Kitchen Island Casual

Let’s be serious. Most of the meals my family consumes around Thanksgiving revolve around football—particularly the Dallas Cowboys. I usually set out a big buffet of leftovers on the kitchen island and everyone grazes all day while watching the games.

Since eyes will only be focused on food in between plays, I abandoned a tablecloth altogether for a cotton painters’ drop cloth. Once you’ve washed and dried them, they’re wonderfully soft and have a beautiful rustic look.

Arranging dishes together in stacks makes for easy access. These are a mix of painted enamel along with wooden plates and bowls. In other words, they’re unbreakable. The likelihood of plate toppling increases with the TV—and the cousins rough-housing—so I try to head off a broken dish cleanup in advance.

I put twice as many napkins out as I would if I was serving from the kitchen. Everyone manages to misplace them en route to the couch. And since we’re not eating around a table, I set out placemats to be used on laps. It keeps the connection to a traditional place setting alive while clearly abandoning the confines of the table!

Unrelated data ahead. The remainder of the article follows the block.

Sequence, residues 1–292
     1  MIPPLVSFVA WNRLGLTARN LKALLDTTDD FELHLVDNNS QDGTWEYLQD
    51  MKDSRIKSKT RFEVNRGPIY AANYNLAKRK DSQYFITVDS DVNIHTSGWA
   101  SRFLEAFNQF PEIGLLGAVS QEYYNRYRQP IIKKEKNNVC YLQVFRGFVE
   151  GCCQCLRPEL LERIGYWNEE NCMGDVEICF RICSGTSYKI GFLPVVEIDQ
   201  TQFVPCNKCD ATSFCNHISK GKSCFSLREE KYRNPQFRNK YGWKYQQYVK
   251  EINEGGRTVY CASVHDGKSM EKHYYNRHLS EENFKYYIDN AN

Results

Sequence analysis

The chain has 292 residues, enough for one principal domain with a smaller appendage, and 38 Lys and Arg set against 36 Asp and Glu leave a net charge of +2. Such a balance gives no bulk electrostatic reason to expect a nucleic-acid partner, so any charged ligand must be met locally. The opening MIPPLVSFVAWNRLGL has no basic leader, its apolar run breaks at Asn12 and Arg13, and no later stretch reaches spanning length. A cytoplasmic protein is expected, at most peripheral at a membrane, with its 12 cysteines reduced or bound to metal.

Get the Look: Canvas Drop Cloth ($11); Hearth & Hand Enamel Plates ($16); H&M Wooden Bowl Trio ($17); Pier 1 White Checkered Kitchen Towels ($20); Anthropologie Aviary Napkins ($12); Falcon Enamelware (mmm… those winter blues!); REI Enamelwear.


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  • Amanda

    I would love to have an inkling of your style skills. So gorgeous.

  • Amanda

    I would love to have a fraction of your style! Love all of this.

  • Katie

    LOVE!!! You just gave me so many wonderful options for Thanksgiving this year which is being hosted at my house. Now time to start shopping 🙂 Thank you so much!

  • Tiana Weicker

    These are all wonderful, and I’m sure to integrate at least one idea from these next year! (I’m Canadian and we’ve already celebrated our Thanksgiving)

  • Cecilia